Building Performant RAG Applications for Production#
Prototyping a RAG application is easy, but making it performant, robust, and scalable to a large knowledge corpus is hard.
This guide contains a variety of tips and tricks to improve the performance of your RAG pipeline. We first outline some general techniques - they are loosely ordered in terms of most straightforward to most challenging. We then dive a bit more deeply into each technique, the use cases that it solves, and how to implement it with LlamaIndex!
The end goal is to optimize your retrieval and generation performance to answer more queries over more complex datasets accurately and without hallucinations.
General Techniques for Building Production-Grade RAG#
Here are some top Considerations for Building Production-Grade RAG
Decoupling chunks used for retrieval vs. chunks used for synthesis
Structured Retrieval for Larger Document Sets
Dynamically Retrieve Chunks Depending on your Task
Optimize context embeddings
Decoupling Chunks Used for Retrieval vs. Chunks Used for Synthesis#
A key technique for better retrieval is to decouple chunks used for retrieval with those that are used for synthesis.
The optimal chunk representation for retrieval might be different than the optimal consideration used for synthesis. For instance, a raw text chunk may contain needed details for the LLM to synthesize a more detailed answer given a query. However, it may contain filler words/info that may bias the embedding representation, or it may lack global context and not be retrieved at all when a relevant query comes in.
There’s two main ways to take advantage of this idea:
1. Embed a document summary, which links to chunks associated with the document.
This can help retrieve relevant documents at a high-level before retrieving chunks vs. retrieving chunks directly (that might be in irrelevant documents).
2. Embed a sentence, which then links to a window around the sentence.
This allows for finer-grained retrieval of relevant context (embedding giant chunks leads to “lost in the middle” problems), but also ensures enough context for LLM synthesis.
Structured Retrieval for Larger Document Sets#
A big issue with the standard RAG stack (top-k retrieval + basic text splitting) is that it doesn’t do well as the number of documents scales up - e.g. if you have 100 different PDFs. In this setting, given a query you may want to use structured information to help with more precise retrieval; for instance, if you ask a question that’s only relevant to two PDFs, using structured information to ensure those two PDFs get returned beyond raw embedding similarity with chunks.
There’s a few ways of performing more structured tagging/retrieval for production-quality RAG systems, each with their own pros/cons.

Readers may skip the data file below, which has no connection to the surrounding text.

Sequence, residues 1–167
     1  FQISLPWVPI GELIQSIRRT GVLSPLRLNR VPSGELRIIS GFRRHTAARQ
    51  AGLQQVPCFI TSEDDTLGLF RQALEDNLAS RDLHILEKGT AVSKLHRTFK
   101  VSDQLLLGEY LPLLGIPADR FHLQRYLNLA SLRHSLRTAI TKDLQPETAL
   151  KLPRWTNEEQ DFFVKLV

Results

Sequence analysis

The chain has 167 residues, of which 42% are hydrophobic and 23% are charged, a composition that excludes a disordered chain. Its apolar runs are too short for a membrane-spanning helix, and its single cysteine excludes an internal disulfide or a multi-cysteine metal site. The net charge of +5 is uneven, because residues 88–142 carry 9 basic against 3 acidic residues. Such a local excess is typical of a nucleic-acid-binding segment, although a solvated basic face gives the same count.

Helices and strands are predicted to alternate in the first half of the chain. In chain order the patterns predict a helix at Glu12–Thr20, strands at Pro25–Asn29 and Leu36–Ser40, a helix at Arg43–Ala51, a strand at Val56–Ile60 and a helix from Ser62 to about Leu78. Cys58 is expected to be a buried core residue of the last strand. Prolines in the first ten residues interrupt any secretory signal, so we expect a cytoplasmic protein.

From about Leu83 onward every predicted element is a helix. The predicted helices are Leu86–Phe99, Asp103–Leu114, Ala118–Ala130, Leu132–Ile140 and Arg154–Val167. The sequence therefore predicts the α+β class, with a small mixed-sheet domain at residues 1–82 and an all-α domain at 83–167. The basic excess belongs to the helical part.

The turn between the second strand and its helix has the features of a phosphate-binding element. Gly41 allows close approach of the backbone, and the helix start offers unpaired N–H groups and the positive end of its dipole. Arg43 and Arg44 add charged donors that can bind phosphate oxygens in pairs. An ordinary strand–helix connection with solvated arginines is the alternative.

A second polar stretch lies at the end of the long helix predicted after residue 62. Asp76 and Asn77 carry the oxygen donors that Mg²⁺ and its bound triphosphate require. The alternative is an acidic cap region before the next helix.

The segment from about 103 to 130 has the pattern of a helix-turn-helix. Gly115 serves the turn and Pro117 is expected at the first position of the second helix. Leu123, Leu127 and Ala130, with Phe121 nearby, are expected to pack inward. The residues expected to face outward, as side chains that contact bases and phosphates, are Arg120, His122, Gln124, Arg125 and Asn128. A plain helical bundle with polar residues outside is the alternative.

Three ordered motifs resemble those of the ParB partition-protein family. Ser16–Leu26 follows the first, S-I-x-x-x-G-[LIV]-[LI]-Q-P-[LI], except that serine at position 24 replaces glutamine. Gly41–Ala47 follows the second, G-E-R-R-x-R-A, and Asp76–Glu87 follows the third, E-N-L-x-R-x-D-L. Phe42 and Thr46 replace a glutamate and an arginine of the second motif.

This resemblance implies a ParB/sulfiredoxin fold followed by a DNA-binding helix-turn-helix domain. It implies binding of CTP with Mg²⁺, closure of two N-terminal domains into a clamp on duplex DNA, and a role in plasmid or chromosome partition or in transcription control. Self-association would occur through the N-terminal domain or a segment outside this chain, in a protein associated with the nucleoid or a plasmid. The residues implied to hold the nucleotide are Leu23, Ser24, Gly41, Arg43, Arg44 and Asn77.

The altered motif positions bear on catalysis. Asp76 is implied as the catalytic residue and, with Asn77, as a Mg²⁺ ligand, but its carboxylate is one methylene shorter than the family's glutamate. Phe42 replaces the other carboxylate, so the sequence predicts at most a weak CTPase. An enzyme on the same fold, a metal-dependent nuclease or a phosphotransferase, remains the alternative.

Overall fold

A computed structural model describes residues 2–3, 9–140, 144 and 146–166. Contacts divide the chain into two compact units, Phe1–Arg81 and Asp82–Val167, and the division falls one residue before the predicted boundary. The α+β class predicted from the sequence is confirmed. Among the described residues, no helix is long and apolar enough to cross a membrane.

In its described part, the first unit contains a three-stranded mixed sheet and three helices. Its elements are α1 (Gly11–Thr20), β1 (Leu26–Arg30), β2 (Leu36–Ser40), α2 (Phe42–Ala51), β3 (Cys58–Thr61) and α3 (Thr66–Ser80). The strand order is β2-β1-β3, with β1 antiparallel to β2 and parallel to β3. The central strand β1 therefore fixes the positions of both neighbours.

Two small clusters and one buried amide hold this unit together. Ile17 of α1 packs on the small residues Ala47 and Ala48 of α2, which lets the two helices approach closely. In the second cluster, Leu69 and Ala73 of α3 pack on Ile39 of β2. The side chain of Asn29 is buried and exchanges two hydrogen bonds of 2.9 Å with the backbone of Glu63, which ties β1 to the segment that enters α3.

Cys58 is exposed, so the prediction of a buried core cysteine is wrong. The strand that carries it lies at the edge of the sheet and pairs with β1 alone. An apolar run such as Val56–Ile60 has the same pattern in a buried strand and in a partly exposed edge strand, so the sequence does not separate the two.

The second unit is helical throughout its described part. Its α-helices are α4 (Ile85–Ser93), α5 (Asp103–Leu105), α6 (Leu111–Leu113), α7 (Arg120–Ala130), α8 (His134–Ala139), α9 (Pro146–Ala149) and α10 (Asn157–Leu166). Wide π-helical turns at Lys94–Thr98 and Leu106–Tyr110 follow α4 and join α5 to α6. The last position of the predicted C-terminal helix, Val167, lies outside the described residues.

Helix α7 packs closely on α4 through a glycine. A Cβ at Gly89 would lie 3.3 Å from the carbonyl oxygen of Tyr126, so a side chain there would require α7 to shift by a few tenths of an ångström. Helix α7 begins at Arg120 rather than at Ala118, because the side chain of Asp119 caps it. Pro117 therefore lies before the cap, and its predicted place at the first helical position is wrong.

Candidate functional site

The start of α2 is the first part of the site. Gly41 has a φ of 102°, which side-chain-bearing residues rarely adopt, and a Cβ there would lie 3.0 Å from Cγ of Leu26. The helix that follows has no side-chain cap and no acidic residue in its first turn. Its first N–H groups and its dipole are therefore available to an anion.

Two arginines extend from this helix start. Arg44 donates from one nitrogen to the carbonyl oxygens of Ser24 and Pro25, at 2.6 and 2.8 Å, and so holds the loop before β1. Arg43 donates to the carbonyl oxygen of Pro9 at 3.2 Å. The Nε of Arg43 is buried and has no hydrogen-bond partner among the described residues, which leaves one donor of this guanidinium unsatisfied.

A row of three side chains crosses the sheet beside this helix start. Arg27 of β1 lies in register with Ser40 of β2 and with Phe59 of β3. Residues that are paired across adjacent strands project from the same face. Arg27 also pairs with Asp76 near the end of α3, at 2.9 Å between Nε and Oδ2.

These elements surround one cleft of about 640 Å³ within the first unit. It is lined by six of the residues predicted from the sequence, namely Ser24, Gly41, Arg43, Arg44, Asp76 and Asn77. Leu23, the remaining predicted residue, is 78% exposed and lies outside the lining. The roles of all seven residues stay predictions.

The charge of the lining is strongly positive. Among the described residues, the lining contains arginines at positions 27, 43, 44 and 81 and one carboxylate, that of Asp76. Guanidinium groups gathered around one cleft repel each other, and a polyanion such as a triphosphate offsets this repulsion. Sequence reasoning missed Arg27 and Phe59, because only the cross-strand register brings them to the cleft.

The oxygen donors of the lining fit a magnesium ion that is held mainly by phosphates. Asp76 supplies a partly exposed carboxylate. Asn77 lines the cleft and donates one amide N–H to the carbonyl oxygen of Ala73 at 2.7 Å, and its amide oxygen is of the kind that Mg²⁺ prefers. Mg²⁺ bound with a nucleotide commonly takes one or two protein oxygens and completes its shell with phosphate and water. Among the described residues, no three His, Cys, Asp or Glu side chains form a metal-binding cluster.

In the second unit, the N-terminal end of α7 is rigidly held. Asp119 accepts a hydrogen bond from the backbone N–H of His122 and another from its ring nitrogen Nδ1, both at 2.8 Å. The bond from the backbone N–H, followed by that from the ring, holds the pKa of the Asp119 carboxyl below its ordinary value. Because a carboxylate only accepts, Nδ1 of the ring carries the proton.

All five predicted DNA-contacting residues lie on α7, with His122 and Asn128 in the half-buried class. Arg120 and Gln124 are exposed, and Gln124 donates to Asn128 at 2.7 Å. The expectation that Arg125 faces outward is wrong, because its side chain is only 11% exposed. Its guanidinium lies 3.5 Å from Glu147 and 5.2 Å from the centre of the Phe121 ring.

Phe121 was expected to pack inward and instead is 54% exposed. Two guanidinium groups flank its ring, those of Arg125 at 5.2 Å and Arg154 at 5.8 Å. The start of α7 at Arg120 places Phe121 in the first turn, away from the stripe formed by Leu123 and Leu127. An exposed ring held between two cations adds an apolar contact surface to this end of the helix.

1. Metadata Filters + Auto Retrieval Tag each document with metadata and then store in a vector database. During inference time, use the LLM to infer the right metadata filters to query the vector db in addition to the semantic query string.
Pros ✅: Supported in major vector dbs. Can filter document via multiple dimensions.
Cons 🚫: Can be hard to define the right tags. Tags may not contain enough relevant information for more precise retrieval. Also tags represent keyword search at the document-level, doesn’t allow for semantic lookups.
Resources: 2. Store Document Hierarchies (summaries -> raw chunks) + Recursive Retrieval Embed document summaries and map to chunks per document. Fetch at the document-level first before chunk level.
Pros ✅: Allows for semantic lookups at the document level.
Cons 🚫: Doesn’t allow for keyword lookups by structured tags (can be more precise than semantic search). Also autogenerating summaries can be expensive.
Dynamically Retrieve Chunks Depending on your Task#
RAG isn’t just about question-answering about specific facts, which top-k similarity is optimized for. There can be a broad range of queries that a user might ask. Queries that are handled by naive RAG stacks include ones that ask about specific facts e.g. “Tell me about the D&I initiatives for this company in 2023” or “What did the narrator do during his time at Google”. But queries can also include summarization e.g. “Can you give me a high-level overview of this document”, or comparisons “Can you compare/contrast X and Y”. All of these use cases may require different retrieval techniques.
LlamaIndex provides some core abstractions to help you do task-specific retrieval. This includes our router module as well as our data agent module. This also includes some advanced query engine modules. This also include other modules that join structured and unstructured data.
You can use these modules to do joint question-answering and summarization, or even combine structured queries with unstructured queries.
Core Module Resources
Detailed Guide Resources
Optimize Context Embeddings#
This is related to the motivation described above in “decoupling chunks used for retrieval vs. synthesis”. We want to make sure that the embeddings are optimized for better retrieval over your specific data corpus. Pre-trained models may not capture the salient properties of the data relevant to your use case.